Today, out of 1,538 Comboni Missionaries present in the world (they were 1,812 in 2000), the ltalians are 604 (11 bishops, 481 priests, 108 brothers, 4 scholastics); they were 1,200 in 1990. Those present in Italy are 280, in 24 communities, 5 of which structured as ”clinics” for elderly and sick confreres. Their average age is almost 75 years. 

Nineteen communities are mainly missionary animation and vocation promotion centres.

Two are specifically involved in assisting the immigrants from Africa and Middle East Many members are sewing in diocesan offices as coordinators of ”Justice and Peace” commission, youth pastoral care and promotion of the laity. The Province sustains development projects and solidarity activities in every comer of the world.

MALAWI —————————————–

We, Comboni Missionaries of the Malawi/Zambia Province, are entirely dedicated to the missionary service, which determines our lifestyle, our activities and organization, as well as the preparation of our candidates and the ongoing formation of our members. We totally belong to the mission and we try to identify ourselves with the people we serve. The mission reality and the charism of our Founder, St. Daniel Comboni, are the sources which free us from discouragement in front of the challenges that characterize the mission ad gentes. 

We first carry out evangelization among the poor in both rural and urban areas with particular emphasis on the Catechumenate, formation and care of Small Christian Communities, formation of catechists, leaders and lay ministers. We are also involved in Missionary Animation in and with the Local Church. This goes along with vocation promotion. Our other priority is the education of the youth together with the family apostolate that always blends with involvement in issues of Justice, Peace and Integrity of Creation. The challenges are legion but we trust in the one who sent us. 

Fr Edward Kanyike



The Province of Mexico was officially inaugurated on 24 April 1950. The first Comboni missionaries arrived at the peninsula of Baja California, there they started with the evangelization work. 

At the present moment, we are 14 communities: 5 evangelization, 3 seminaries, 1 center for missionary animation, 1 center for sick missionaries and 4 for missionary animation.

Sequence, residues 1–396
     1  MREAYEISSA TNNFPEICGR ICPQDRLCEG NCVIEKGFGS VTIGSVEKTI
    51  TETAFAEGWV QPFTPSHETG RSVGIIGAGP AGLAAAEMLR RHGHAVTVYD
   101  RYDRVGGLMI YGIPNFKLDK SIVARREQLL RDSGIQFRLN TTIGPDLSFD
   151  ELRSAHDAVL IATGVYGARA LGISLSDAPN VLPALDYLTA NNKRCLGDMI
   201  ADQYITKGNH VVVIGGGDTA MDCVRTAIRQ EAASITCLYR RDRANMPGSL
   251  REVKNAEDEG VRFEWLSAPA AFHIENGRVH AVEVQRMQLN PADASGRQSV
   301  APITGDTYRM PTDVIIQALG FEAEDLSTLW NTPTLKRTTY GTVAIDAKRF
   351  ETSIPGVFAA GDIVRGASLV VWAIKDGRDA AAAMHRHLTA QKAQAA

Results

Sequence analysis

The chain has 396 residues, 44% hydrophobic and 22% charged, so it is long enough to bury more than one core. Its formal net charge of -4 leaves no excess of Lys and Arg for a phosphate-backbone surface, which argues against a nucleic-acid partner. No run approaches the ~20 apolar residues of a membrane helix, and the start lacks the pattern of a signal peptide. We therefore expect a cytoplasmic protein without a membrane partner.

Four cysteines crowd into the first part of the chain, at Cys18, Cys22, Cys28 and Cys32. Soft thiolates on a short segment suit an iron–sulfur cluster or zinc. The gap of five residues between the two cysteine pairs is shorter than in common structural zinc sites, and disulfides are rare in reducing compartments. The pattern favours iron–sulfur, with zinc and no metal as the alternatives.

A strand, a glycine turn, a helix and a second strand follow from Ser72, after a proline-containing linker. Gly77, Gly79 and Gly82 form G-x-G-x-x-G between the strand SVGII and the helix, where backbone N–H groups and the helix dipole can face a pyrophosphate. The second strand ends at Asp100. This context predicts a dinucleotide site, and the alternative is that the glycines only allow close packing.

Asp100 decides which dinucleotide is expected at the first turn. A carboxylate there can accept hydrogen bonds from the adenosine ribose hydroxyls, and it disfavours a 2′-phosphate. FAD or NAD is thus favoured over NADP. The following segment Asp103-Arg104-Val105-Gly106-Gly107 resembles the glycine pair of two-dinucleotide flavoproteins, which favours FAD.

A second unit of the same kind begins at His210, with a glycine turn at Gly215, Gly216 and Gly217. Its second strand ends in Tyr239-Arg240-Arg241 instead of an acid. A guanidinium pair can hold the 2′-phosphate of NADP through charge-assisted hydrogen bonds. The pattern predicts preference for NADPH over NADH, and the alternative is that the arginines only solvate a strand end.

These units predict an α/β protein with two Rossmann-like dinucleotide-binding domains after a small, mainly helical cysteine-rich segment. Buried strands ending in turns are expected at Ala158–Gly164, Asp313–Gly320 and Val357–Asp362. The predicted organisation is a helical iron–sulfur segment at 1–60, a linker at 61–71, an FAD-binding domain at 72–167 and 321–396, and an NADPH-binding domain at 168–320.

The activities of the Province of Mexico are: evangelization among the indigenous people and urban areas, Formation and vocations and missionary animation. One of our communities is dedicated to take care of our elderly and sick missionaries. 

The number of Mexicans Comboni missionaries at this moment are around 160 profess members and many of them are present in the 4 continents where the Comboni Institute is working. Many lay people in the Mexican province are also working together with us and some of them are the Comboni lay missionaries.

PERU —————————————–

In1938 the Congregation for the Propagation of Faith invited the Comboni Missionaries of the German branch to take up evangelisation activity in Peru, in 
Pozuzo, Huanuco diocese.

The zone was inhabited by Peruvian citizens of full or partial German ancestry. Frs. Luis Ipfelkofer, Andres Riedl and Miguel Wagner answered promptly. Within months, the bishop assigned Wagner to the diocesan seminary. In 1940 Fr Riedl took up the role of rector. 

In Europe, 12 more confreres were preparing to go to Peru, but the II World War began and all were ordered to join the army.

Only in 1948 three of them could join the confreres in Peru, and the Comboni group were able to take full responsibility of the running of the seminary till 1952, when Spaniards priests arrived to replace them. 

Free from that commitment, the 14 Comboni missionaries soon accepted the care of some parishes: Llata, Hacaimbamba, Cristo Rey San Pedro and Panao. In 1954, they began a parish also in Lima diocese. 

In 1958, Pope Pius XII created the ”quasi-diocese” of Tarmay Pasco, and nominated Fr Anton Kuhner first Prelate; in 1964, he was ordained bishop and Moreover, in 1980 he would be sent to govern the diocese of Huanuco